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okay (0.2) all right (cough) (4.3) okay now I’m gonna give you a topic (.) and I’d like you to talk about it (0.6) for one to two minutes and before you talk (0.3) you’ll have one minute to think about what you’re gonna say (0.8) and you can make some notes if you wish (0.3) d’you understand? (0.2) yes (0.3) o:kay (0.4) so here’s paper (.) and pencil (0.8) for making some notes (0.6) an:d (0.7) I’d like you to describe a trip (0.6) that you once went on (33.8) okay? (0.2) yep (.) a:ll right (0.6) remember you have one to two minutes for this so don’t worry if I stop you I’ll tell you when the time is u[p] [o]kay (0.2) can you start speaking now please= =yeah (0.6) I remembe:r at the beginning of my medical school career (0.4) we were taken on uhm a boat trip to one of the smaller islands around Grenada (0.6) ⋅hh it was basically: a (0.5) ((inaudible)) trip (0.4) ⋅hh uh:m it was part of the orientatio:n (0.4) into: medical school life and into: life in Grenada: obviously (0.4) ⋅hh uh::m (1.1) uh I: think it took abou:t half an hour to get the:re (0.3) if I remember correctly hh (.) uh:m (0.5) there were lots of us there lots of the students (0.2) uh::m both (0.5) >students who were just starting medical school as well as those who were further into their medical school career< (0.7) an:d there was uhm lot of ↑foo:d lots of drinks (.) we spent (.) most of the day on the beach) (.) in the sun in the water (0.6⋅hh uh::m (1.5) it was: (.) but I can’t say it was: (0.3) a big (0.8) culture change for me because coming from Tobago which is half an hour flying is (.) very very similar (0.3) but I just enjoyed the day out and (0.7) ⋅hh uh:m it always brings back good memories because then you remember all the free time that you had (.) hh heh (0.5) uh::m (1.4) I actually: (0.3) repeated the trip about: a year later (.) because that was my (0.4) last opportunity: (0.6) to uhm (0.2) see a bit of Grenada before leaving: (0.3) to start my °((inaudible))° (0.7)

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uh::m (1.9) okay (0.2) okay= =hh heh (.) do you generally enjoy travelling? (0.5) yes I do although I haven’t actually travelled as much as I would like to yet (0.3) but hopefully after I start working (0.3)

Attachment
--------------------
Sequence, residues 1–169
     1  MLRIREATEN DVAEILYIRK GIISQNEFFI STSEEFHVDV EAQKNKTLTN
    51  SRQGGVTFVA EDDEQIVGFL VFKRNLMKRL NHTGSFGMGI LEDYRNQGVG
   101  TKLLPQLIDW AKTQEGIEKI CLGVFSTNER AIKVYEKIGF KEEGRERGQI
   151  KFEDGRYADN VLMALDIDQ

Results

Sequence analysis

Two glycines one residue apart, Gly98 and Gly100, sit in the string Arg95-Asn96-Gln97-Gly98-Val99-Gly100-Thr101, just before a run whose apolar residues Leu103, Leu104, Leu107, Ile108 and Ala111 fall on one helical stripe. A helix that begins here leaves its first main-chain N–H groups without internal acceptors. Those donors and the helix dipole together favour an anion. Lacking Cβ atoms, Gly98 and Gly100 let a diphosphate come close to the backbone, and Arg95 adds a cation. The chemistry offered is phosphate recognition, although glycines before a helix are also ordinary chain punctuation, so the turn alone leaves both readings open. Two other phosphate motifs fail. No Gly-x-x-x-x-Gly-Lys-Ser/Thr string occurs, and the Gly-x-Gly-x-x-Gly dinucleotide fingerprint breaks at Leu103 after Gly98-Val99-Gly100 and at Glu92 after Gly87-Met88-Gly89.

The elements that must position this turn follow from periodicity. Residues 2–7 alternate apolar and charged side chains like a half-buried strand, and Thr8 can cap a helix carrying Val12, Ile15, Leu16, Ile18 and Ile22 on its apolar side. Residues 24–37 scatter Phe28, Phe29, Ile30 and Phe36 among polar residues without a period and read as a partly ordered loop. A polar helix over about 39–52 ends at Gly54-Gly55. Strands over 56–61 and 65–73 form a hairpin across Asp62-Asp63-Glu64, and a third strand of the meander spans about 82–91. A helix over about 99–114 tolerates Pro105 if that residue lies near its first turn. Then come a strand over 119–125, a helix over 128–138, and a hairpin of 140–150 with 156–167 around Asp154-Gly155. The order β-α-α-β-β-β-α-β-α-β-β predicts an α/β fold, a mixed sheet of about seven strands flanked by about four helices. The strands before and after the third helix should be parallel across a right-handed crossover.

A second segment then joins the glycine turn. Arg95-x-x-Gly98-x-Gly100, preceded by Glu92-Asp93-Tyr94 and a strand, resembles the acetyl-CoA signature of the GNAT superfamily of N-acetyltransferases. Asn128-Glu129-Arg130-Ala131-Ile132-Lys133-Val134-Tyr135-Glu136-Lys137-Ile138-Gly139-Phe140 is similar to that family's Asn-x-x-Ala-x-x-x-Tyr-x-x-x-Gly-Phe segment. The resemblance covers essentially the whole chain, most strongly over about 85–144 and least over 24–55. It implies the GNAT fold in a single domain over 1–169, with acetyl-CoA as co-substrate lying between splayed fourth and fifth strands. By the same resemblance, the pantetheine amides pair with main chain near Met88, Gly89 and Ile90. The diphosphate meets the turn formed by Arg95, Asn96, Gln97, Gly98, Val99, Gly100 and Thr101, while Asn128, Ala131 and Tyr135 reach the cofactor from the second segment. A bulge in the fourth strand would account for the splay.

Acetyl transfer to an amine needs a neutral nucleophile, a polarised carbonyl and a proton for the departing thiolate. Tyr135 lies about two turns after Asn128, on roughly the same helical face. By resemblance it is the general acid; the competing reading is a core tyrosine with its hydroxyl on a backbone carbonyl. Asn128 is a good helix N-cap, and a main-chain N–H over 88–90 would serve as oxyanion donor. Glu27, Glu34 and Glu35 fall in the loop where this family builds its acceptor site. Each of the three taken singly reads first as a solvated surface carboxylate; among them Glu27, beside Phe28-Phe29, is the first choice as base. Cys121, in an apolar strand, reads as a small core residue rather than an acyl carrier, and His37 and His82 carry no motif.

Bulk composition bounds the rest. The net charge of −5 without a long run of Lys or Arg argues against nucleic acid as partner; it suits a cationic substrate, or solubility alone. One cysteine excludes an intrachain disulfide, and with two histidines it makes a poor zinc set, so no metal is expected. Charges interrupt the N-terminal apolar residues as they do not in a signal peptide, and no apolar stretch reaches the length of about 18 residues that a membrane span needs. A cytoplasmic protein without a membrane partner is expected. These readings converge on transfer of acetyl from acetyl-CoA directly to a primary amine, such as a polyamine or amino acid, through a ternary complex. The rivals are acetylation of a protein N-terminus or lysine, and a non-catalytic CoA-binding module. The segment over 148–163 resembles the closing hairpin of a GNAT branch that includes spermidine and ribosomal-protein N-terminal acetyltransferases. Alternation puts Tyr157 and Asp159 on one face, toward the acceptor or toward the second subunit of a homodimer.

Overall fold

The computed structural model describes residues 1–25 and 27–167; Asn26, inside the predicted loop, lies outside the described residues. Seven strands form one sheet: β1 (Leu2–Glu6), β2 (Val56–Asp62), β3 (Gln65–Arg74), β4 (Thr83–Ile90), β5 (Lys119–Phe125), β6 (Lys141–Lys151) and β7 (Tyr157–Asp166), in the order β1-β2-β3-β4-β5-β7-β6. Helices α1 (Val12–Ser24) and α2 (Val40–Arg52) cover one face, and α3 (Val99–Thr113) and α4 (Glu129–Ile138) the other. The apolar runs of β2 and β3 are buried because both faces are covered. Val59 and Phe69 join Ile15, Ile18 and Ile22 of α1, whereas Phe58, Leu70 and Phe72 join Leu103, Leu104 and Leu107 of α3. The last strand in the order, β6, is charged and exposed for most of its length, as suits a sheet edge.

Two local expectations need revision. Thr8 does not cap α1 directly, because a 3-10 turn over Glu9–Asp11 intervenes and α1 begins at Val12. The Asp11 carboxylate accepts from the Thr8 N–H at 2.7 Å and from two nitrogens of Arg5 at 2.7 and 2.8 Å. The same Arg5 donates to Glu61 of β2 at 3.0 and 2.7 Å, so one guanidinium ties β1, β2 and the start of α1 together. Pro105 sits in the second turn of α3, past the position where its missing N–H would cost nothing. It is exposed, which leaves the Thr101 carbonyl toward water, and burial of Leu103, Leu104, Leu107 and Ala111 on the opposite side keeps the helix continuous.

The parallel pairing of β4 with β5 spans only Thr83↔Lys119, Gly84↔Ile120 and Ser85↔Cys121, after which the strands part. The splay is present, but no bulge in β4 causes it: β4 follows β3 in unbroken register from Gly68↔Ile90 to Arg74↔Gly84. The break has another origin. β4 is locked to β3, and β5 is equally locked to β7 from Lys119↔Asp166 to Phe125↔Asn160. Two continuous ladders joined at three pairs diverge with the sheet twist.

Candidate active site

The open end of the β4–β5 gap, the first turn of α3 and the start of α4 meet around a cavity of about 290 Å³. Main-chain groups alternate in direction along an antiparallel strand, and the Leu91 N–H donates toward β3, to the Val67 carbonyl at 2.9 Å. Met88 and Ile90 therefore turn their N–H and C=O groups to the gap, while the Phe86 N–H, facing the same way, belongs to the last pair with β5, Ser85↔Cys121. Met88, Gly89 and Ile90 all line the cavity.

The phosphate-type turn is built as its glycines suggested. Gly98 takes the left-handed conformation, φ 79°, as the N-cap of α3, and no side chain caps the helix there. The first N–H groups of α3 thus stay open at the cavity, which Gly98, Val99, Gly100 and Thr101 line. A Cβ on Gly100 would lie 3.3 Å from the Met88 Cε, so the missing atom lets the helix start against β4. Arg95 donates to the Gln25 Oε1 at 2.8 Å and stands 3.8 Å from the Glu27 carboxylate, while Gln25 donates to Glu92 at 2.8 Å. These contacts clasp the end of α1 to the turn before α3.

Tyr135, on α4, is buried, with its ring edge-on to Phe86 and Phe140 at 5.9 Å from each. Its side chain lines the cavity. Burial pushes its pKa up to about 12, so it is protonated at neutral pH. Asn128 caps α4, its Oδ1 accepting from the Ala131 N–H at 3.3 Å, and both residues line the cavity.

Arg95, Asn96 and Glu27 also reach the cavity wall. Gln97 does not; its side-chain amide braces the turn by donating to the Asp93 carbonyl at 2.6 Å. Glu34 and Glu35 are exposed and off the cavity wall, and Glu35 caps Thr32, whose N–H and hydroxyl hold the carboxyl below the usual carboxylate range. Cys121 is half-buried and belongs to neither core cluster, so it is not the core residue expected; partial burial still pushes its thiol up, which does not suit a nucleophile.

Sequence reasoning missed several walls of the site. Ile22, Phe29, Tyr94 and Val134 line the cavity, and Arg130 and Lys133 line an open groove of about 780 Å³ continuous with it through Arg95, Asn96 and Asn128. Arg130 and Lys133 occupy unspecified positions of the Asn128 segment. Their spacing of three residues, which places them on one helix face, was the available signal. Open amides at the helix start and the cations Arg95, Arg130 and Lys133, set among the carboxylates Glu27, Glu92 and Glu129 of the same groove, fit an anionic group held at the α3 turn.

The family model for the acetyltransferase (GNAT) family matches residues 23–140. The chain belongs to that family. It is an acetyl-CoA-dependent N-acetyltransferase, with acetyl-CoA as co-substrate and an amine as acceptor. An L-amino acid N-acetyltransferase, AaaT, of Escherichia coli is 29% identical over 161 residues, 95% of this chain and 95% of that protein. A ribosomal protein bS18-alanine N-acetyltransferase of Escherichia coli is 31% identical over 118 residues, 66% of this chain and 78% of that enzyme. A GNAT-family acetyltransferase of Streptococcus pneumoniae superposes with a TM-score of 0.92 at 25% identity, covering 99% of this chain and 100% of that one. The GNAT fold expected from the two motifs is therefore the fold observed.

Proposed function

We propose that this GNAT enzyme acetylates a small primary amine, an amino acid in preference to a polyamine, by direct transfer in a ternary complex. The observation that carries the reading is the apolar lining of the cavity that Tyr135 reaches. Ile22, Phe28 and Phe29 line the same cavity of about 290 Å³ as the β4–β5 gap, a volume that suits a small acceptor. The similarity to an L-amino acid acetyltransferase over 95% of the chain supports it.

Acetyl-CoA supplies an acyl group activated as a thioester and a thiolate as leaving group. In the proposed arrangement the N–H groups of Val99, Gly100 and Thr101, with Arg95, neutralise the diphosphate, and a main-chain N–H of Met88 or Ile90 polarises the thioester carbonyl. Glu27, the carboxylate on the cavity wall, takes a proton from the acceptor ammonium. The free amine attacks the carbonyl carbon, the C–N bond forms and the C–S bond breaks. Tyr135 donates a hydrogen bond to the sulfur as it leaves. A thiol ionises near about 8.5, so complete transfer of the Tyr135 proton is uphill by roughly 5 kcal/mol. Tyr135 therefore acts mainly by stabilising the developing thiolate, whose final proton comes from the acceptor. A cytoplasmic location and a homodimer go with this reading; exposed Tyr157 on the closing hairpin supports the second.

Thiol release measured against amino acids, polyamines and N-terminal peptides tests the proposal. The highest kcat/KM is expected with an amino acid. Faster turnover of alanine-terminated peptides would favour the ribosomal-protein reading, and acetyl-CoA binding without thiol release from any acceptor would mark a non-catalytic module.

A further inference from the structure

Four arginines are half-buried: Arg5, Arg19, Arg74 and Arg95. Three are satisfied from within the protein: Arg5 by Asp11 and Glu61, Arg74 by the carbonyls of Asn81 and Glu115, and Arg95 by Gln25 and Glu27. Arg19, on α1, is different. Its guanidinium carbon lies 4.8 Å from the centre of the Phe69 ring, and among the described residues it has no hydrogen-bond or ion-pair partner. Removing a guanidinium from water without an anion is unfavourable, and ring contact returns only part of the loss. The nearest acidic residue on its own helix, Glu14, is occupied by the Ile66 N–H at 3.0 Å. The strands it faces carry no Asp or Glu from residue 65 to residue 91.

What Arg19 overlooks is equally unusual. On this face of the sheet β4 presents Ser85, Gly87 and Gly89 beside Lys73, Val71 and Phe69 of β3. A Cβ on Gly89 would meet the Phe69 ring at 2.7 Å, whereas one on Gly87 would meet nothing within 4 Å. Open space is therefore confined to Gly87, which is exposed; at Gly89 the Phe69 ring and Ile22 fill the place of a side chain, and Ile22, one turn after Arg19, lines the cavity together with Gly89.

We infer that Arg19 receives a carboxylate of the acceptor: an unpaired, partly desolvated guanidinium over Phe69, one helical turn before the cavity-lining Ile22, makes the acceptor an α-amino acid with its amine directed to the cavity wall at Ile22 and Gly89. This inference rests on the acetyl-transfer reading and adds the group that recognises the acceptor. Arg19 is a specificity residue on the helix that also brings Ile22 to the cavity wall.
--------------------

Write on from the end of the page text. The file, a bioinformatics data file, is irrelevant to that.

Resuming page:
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o:kay okay (0.4) so we’ve been talking about a trip you (0.4) went on (0.3) °y[eah]° [an ]d I’d like to discuss with you one or two more general questions related to this (0.7) let’s consider first of all uhm (.) public and private transport can you describe (0.6) the public transport systems (0.3) in your country (1.4) well there are public buses (0.4) which tend to be cheaper than taxis (0.2) there is (0.6) uh:m a: taxi association which operates: basically from the airport to anywhere around the island (0.3) but in general if you (.) need a taxi >basically you just stand up on the side of the road and put out your hand< hh heh (0.2) for uhm (0.3) a taxi that comes along (0.5) ⋅hh uh::m (1.1) the bus system there’s a central depot in the middle of town (0.2) so you can go there to purchase tickets and so (0.5) and there are various othe:r (0.7) stations around the island where you can also purchase tickets (0.4) °okay (0.2) okay° (0.6) uh:m (0.5) can you uh:: (1.4) speculate on (1.6) future developments (.) in transport systems? (3.8) currently there a:re talks to:: (.) expand (0.2) the public >transport systems to< inclu:de (0.5) what we call maxi taxis not (0.6) ⋅hh uh::m (0.7) not exactly public buses they tend to be smalle:r (0.4) they tend to charge more than the public buses (0.4) but uh >they can also hold more people than a taxi obviously so it’s it’s more economical in that way< (0.6) ⋅hh uh:m (0.8)I’m not sure when exactly it will the whole system be put into place but (.)actually (0.7) the: (0.7) the:: (0.4) the plans for the: development of the system in Tobago: (.) can be modelled on ((inaudible)) in Trinidad because there are a lot more maxi taxis in Trinidad (0.2) °((inaudible))° (.) okay okay (0.5) can you uh ((cough)) (1.1) speculate on an- any measures that will be taken to reduce pollution (0.7) in the future? (2.0) there’s a lot of debate no:w about pollution especially the waters (0.3) around Trinidad and Tobago (0.2) becau:se there’s (0.5) gro- growth in the tourism industry especially (0.5) there’s a lot of concern about the hotels (.)⋅hh disposing of their waste properly (0.5) and in recent years in the (0.2) probably about the last ten years or so there have been (0.7) uh::m (0.4)there has been an increase in the amount of pollutio:n (0.3) in the water and the:re’s (0.6) several (1.3) uh:m societies for example ((inaudible)) Tobago that have been set up to try and combat the problems throu:gh education (0.2) uh:m (1.1) uh:m (0.3) there is other mea(hh)sures ((inaudible)) (.) okay okay (.) okay (0.6) ↑right thank you very much= =yes (.) that’s the end of the speaking test= =okay thank you